In both cases, the confrontations raised questions about who exactly Living Walls’ art was for and whether artists should be left alone to pursue their visions—even when the work is part of a public space.

“I really hope she does her due diligence,” says Mr. Totem, a Buford Highway resident and longtime Atlanta graffiti writer and artist who was commissioned by the surrounding neighborhoods to paint a new work on Hyuro’s wall following the 2012 conference. “Buford Highway is not a place to jump in and do what you want. Pay attention to us and involve us.”

This year Campana and Liou resolved to put the Buford Highway community at the center of the conversation, a move that earned applause from local business owners such as Peter Chang of A.C.T. Investments, which owns Chinatown Mall.

“At some point, I said, ‘I’m going to break every rule of the street art festival format,’” says Campana. “Hopefully we can start changing things because we are influencing the public space, we’re influencing cities, and [street art festivals] are not doing a great job at doing that.”

“We both know that infrastructural improvements, public art, they’re all precursors to gentrification,” says Liou. “At the same time, you can’t [stop it] from coming. I’ve always felt like the best way to prepare for that is to become more involved in the process. Empowering the community to really take ownership of its own future.”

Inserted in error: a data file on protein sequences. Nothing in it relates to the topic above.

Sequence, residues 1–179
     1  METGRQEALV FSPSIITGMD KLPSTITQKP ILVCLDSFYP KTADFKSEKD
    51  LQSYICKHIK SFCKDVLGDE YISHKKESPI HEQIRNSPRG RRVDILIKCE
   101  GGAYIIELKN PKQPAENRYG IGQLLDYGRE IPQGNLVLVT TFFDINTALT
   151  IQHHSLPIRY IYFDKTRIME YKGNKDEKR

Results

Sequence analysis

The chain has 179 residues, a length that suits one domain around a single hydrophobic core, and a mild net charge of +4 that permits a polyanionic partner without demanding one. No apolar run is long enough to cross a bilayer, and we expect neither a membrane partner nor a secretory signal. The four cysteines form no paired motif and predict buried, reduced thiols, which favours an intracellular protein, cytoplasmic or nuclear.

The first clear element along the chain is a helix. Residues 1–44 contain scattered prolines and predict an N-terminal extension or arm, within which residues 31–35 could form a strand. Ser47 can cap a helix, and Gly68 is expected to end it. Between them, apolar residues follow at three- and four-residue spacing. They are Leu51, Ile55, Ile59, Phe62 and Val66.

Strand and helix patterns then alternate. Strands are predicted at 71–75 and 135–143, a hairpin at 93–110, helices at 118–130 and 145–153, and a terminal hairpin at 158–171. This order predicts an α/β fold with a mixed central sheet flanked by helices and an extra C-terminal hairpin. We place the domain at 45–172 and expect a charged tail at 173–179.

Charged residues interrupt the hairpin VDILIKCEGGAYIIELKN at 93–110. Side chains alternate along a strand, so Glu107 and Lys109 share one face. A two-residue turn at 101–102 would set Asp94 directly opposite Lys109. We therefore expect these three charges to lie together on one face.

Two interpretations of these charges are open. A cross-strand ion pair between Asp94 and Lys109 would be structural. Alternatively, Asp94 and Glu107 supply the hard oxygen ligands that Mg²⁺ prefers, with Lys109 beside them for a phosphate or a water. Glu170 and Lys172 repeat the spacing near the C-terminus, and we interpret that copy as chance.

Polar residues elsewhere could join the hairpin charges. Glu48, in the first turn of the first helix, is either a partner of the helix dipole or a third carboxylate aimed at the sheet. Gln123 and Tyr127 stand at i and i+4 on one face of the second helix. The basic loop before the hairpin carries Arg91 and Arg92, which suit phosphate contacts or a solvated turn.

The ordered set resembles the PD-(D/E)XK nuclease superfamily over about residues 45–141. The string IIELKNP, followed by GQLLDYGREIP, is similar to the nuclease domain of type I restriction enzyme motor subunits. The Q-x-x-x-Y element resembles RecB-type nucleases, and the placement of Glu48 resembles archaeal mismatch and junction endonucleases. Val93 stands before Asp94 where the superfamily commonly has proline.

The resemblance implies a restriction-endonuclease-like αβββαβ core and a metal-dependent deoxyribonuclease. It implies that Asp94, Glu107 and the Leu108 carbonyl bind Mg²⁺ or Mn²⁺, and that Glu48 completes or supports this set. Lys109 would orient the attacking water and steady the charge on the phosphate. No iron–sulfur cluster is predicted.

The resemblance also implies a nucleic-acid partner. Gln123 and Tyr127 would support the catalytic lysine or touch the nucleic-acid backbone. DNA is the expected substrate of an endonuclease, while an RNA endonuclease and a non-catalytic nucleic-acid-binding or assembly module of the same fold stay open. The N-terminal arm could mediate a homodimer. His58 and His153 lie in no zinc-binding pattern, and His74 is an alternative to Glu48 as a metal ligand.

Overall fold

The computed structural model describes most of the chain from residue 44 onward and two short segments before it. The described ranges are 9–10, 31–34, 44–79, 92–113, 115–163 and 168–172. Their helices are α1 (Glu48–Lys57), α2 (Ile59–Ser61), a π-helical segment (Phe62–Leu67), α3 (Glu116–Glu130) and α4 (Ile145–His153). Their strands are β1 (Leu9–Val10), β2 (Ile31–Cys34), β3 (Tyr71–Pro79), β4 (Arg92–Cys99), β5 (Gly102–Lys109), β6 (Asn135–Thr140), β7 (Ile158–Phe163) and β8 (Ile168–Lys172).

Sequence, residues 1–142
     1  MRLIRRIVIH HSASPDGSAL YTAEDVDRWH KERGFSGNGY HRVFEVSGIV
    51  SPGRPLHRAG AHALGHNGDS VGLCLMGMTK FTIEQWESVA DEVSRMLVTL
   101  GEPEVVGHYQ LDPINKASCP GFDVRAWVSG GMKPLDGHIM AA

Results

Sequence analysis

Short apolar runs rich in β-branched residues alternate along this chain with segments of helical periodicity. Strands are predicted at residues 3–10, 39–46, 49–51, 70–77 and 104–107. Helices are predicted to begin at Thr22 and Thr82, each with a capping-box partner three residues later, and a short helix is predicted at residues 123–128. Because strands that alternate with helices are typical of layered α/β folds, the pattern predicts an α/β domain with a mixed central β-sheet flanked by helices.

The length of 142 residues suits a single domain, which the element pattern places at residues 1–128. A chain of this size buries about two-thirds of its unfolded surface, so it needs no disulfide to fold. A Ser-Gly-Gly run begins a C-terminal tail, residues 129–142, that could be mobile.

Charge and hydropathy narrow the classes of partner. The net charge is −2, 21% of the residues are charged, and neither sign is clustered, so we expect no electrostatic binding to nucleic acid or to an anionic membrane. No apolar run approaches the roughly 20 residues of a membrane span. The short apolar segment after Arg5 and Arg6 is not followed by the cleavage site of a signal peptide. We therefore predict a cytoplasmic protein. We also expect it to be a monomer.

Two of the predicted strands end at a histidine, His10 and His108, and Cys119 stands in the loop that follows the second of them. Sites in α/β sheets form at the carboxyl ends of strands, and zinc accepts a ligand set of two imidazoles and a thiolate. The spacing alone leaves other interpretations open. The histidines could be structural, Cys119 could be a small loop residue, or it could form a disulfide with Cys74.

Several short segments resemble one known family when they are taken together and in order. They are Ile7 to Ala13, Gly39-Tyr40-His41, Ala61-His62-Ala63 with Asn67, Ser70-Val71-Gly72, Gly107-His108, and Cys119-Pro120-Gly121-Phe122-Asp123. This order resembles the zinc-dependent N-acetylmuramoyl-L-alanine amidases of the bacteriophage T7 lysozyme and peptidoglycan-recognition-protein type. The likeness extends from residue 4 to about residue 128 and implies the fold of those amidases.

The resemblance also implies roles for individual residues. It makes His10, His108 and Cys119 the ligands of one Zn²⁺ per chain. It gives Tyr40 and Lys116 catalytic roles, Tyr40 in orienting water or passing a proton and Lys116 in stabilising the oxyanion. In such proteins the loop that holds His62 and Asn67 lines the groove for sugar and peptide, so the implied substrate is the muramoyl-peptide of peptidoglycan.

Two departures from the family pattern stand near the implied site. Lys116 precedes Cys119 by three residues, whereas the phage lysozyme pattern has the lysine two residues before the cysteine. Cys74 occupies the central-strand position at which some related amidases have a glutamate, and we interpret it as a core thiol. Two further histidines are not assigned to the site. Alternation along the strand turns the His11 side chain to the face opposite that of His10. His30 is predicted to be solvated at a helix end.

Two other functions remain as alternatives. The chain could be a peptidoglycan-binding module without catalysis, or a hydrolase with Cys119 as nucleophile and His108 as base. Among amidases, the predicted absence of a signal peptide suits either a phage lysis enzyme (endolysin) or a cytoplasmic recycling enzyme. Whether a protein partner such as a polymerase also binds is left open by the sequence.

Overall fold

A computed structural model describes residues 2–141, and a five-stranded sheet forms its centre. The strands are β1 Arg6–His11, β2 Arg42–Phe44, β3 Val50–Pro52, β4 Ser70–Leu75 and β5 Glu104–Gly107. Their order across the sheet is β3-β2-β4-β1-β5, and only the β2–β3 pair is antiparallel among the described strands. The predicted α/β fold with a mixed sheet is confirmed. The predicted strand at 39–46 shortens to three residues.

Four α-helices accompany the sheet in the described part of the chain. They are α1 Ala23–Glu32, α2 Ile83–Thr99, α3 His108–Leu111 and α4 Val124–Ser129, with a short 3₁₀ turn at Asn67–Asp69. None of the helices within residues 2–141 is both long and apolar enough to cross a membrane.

arian Liou’s favorite Instagram posts

More than food

Photograph courtesy of Marian Liou

More than food
People don’t normally think of carnivals when they drive through Buford Highway, Liou says. “It’s full of fun and life. We’re all the same. We want to have fun with our families in our communities.”

Pibool Koonvirak

Photograph courtesy of Marian Liou

Next generation
Young entrepreneurs like Pibool Koonvirak, who owns a Thai rolled ice cream shop, represent “the future of Buford Highway. If I can highlight first-generation immigrants who invest and start new businesses, I will have done my job.”

Aura and Sergio Alvarez

Photograph courtesy of Marian Liou

Aura and Sergio Alvarez, the owners of Xelapan Cafeteria, started off making pastries at home, Liou says. “It’s a mom and pop. How do we encourage more of that economic activity?”

This article originally appeared in our September 2017 issue.